A website that has shaped youth hockey in the United States and Canada in part by ranking thousands of teams across both countries on a weekly basis has announced that it will stop the practice at the youngest levels of competition.
Neil Lodin, the founder of MYHockey Rankings, said on its website on Wednesday that the platform would no longer assign a numerical rank to teams of children under 12, explaining that rankings contributed to an unhealthy approach to the game by adults.
“Youth sports have become a rat race to the top amongst parents, coaches and clubs,” Lodin wrote. “There is this ‘If you aren’t keeping up with the Joneses, do you even love your kid?’ mentality out there.
“The youth hockey community isn’t immune from these issues,” his message stated. “And let’s be honest, rankings are a contributing factor when they’re used in a negative and exclusionary manner instead of as a coaching tool and scheduling resource.”
In December 2021, MYHockey Rankings and its influence were the subject of an article in The New York Times. Ken Martel, the director of player development for U.S.A. Hockey, the sport’s governing body, said in the article that he feared the weight given to rankings by some parents, coaches and youth hockey associations had a harmful effect on player development and the cost of playing the game.
The website’s ability to cull and crunch an array of statistical data on thousands of teams spanning age groups 9 to 18 has made it an indispensable resource for many in the youth hockey community.
At its core is a sophisticated algorithm that predicts a team’s “performance rating” and the goal differential of any game it might play against any opponent in the database. Coaches and tournament directors routinely use the website to identify teams that are projected to be evenly matched, and schedule games accordingly.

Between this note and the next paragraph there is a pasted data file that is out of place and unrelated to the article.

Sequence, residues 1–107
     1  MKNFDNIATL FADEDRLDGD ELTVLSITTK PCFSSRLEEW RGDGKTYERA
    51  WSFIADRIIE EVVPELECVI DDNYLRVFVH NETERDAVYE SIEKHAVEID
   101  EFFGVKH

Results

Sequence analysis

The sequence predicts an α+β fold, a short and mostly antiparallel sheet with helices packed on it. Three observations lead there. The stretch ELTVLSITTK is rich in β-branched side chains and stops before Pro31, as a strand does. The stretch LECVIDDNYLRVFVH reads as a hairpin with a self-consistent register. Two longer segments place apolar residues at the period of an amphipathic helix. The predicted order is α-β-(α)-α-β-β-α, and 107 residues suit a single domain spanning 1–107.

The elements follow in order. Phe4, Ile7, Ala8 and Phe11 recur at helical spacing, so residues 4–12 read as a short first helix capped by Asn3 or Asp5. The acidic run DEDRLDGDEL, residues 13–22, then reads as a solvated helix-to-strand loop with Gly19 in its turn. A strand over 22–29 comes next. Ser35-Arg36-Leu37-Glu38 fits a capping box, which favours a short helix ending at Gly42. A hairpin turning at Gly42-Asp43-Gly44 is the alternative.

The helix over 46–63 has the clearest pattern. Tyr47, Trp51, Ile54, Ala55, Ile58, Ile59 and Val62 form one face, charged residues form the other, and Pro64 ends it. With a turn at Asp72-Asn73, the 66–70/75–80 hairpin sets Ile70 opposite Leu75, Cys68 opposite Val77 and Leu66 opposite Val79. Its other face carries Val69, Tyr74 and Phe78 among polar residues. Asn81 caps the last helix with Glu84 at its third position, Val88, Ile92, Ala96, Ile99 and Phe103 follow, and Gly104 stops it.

But critics have contended that the website’s ancillary practice of assigning a numerical rank to teams has fueled a primal instinct among too many youth hockey stakeholders to climb the rankings ladder in a never-ending game of one-upmanship.
In an interview, Lodin said the website would continue to provide the core data that helped inform scheduling decisions — like win-loss records, game results and other statistics — while eliminating the rankings for its youngest teams. The site ranked roughly 3,000 teams of children under 12 years old during the most recent hockey season.
“We’re taking action that we think makes users more likely to use the site as intended, as a tool to help teams schedule appropriate levels of competition, as opposed to the detriment of hockey,” Lodin said.
Tom Farrey, the executive director of the Aspen Institute’s Sports and Society Program, whom Lodin credited with posing the idea of getting rid of rankings while retaining the data that helps teams find well-matched competition, called the move “a step in the right direction.”
“It sends the message that development is more important than comparing kids and teams who are still in the early stages of growth,” Farrey said.
Martel, of U.S.A. Hockey, applauded the development.
“This will hopefully relieve some of the pressure a bit,” he said. “We’re a late-developing sport. The best young kids aren’t the best kids later on. Nobody knows who’s really good until after puberty.”